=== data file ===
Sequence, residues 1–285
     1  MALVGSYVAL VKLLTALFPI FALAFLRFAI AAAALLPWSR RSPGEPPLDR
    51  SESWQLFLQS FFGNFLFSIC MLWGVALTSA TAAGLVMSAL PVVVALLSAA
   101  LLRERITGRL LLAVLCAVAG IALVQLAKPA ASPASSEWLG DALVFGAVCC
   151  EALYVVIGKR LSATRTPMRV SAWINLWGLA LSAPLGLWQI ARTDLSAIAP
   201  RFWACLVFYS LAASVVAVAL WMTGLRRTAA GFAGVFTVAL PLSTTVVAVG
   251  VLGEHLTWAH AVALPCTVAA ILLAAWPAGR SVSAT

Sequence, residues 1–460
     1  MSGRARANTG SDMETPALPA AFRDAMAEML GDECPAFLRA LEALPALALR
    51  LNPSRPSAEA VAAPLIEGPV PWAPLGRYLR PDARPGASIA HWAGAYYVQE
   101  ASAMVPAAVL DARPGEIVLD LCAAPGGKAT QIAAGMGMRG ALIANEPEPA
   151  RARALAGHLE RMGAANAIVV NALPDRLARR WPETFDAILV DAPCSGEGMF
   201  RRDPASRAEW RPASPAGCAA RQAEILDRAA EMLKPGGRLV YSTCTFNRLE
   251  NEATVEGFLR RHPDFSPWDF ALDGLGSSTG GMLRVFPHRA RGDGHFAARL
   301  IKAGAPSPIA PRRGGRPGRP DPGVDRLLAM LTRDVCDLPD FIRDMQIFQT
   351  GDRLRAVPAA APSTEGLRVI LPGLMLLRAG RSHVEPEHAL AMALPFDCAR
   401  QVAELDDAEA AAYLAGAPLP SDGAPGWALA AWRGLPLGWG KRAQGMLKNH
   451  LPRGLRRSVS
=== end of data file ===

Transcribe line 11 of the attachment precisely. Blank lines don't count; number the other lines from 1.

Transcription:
   101  ASAMVPAAVL DARPGEIVLD LCAAPGGKAT QIAAGMGMRG ALIANEPEPA